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Elizabeth Taylor’s Complete Short Stories Are Spectacular, Agree Critics

By Periscope @periscopepost

The novelist Elizabeth Taylor Elizabeth Taylor’s short story collection is superlative. Photo: From The Other Elizabeth Taylor by Nicola Beauman

The background

Elizabeth Taylor’s Complete Short Stories are, for the first time, being published by Virago, to celebrate her centenary. All 65 are here. The vastly underrated writer – also known as “the other Elizabeth Taylor” – is enjoying a quiet resurgence in popularity. Her books were in vogue during the 1940s and 50s, and had respect from her peers – Elizabeth Bowen, Kingsley Amis and Rosamond Lehmann.

She was born in 1912, and married a sweet manufacturer at the age of 24, living in the Thames Valley village, Penn. She died from cancer when 63, and had two children, and published 12 novels, as well as four short story collections. Her 1971 novel, Mrs Palfrey at the Claremont, was shortlisted for the Booker; however, her books were often overlooked because of their domestic settings. Critics are ecstatic at the collection.

“The whole point is that writing has a pattern and life hasn’t. Life is so untidy. Art is so short and life so long. It is not possible to have perfection in life but it is possible to have perfection in a novel.” Elizabeth Taylor

Alert to the snake in the grass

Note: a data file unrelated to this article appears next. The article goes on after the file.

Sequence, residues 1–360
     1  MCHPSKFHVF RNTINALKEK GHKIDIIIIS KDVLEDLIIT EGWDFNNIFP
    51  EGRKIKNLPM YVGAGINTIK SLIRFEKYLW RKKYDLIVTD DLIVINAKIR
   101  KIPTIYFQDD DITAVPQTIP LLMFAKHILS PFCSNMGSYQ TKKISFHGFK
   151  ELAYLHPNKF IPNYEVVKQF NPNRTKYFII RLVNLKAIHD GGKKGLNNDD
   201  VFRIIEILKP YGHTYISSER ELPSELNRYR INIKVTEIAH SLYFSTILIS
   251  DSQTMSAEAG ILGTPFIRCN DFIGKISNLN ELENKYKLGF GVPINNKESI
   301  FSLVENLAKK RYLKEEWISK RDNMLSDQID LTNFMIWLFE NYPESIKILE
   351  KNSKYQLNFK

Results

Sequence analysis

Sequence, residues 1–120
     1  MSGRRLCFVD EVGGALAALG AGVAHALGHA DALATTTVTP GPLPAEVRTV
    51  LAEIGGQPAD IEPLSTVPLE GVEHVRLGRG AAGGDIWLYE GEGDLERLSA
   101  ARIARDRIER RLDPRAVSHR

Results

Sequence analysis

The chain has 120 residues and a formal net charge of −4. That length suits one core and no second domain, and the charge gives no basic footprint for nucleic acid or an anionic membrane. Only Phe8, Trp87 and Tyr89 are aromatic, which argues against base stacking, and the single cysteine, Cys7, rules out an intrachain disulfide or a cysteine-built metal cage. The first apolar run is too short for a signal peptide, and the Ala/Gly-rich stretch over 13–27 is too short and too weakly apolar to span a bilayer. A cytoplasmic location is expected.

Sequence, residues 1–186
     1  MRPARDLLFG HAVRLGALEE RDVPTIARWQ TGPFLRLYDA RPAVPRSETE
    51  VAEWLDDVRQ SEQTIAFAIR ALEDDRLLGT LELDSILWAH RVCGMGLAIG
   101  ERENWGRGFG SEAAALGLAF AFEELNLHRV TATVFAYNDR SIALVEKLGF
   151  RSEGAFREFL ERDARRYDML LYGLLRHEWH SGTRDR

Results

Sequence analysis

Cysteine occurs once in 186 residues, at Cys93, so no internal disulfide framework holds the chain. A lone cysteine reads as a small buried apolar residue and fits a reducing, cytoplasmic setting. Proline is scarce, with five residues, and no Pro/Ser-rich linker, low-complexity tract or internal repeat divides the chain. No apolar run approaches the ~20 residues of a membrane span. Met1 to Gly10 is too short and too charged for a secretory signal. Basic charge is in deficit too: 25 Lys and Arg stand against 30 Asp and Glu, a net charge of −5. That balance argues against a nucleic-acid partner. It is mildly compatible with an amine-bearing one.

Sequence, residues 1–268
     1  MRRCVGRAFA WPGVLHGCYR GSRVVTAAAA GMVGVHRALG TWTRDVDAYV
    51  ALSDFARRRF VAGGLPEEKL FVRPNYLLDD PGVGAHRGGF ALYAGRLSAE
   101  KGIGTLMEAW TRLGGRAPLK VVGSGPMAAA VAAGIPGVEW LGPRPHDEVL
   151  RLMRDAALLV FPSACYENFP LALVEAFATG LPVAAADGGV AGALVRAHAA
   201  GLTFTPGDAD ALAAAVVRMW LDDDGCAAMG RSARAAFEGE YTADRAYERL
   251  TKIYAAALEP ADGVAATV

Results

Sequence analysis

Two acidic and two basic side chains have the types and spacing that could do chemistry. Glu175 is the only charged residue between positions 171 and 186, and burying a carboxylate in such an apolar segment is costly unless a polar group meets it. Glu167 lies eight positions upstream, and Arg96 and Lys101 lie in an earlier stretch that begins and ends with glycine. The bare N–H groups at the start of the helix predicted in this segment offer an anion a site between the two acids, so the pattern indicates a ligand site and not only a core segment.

Catherine Taylor in The Sunday Telegraph praised Taylor’s “acerbic wit, forensic observation and compassion, laced with a startling worldly knowledge.” She was far from the genteel woman writer that she’s portrayed as – she was a bohemian, and even a Communist party member, and had an affair that lasted 12 years. Her social scenes in the stories are beautifully constructed. She doesn’t gloss over the misery of wives and children: she is “slyly alert to the snake in the grass and of wrenching emotion beneath a formal carapace.”

Poignancy in the comedy of life

If Taylor’s “image deflected curiosity,” said Helen Dunmore in The Times, “it encouraged condescension and critical neglect.” Taylor destroyed most of her letters and diaries, leaving no trail for biographers. Her fictional subjects are those “polished by generations of artists” – friendship, sexuality. In her works, “the fact that a thing has existed is not diminished by the fact that it exists no more.” Her writing is “honed, even laconic, especially in dialogue,” and her “wit, while sharp, is buoyant.” Her characters’ lives are “shot through with the confusing delights of the body,” and are “beautifully present and poignant as they play out the comedy of their lives.”

Universal themes

Charlotte Vowden in The Daily Express gave the book 5/5, and said that Taylor’s “universal themes and lasting characters” made her tales “exceptional.”

Certainly not “the other Elizabeth Taylor”

It’s a “spectacular body of work,” agreed Susie Boyt in The Financial Times. We read fiction “to be taken both inside and outside of ourselves, for pleasure, to be stretched, reassured or to receive new insights into what, exactly, human nature is.” And all of that is here. There’s “nothing Taylor cannot do,” whether it’s “near-hysterical jubilation” or a “half-lit, introspective setting.” A dying department store reminds us of Philip Larin; many of the tales have “a kind of involved and intricate reality of their own.” Taylor’s writing has “a certain modesty”, with “an atmosphere of tremendous ease” that often “belies the effects it achieves.” Boyt was reminded of the critic Francis Wyndham, who intervieed the actress Elizabeth Taylor – but wished it was “the esteemed author he had been dispatched to meet instead! Perhaps in time it will be the film star, and not this exceptional novelist, who is sometimes patronisingly referred to as ‘the other Elizabeth Taylor.’”

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